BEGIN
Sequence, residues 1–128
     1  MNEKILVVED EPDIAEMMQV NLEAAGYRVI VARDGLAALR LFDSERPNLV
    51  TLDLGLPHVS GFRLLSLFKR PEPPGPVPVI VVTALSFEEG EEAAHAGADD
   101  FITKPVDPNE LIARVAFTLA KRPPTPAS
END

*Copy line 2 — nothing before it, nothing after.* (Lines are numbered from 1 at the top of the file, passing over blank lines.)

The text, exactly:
     1  MNEKILVVED EPDIAEMMQV NLEAAGYRVI VARDGLAALR LFDSERPNLV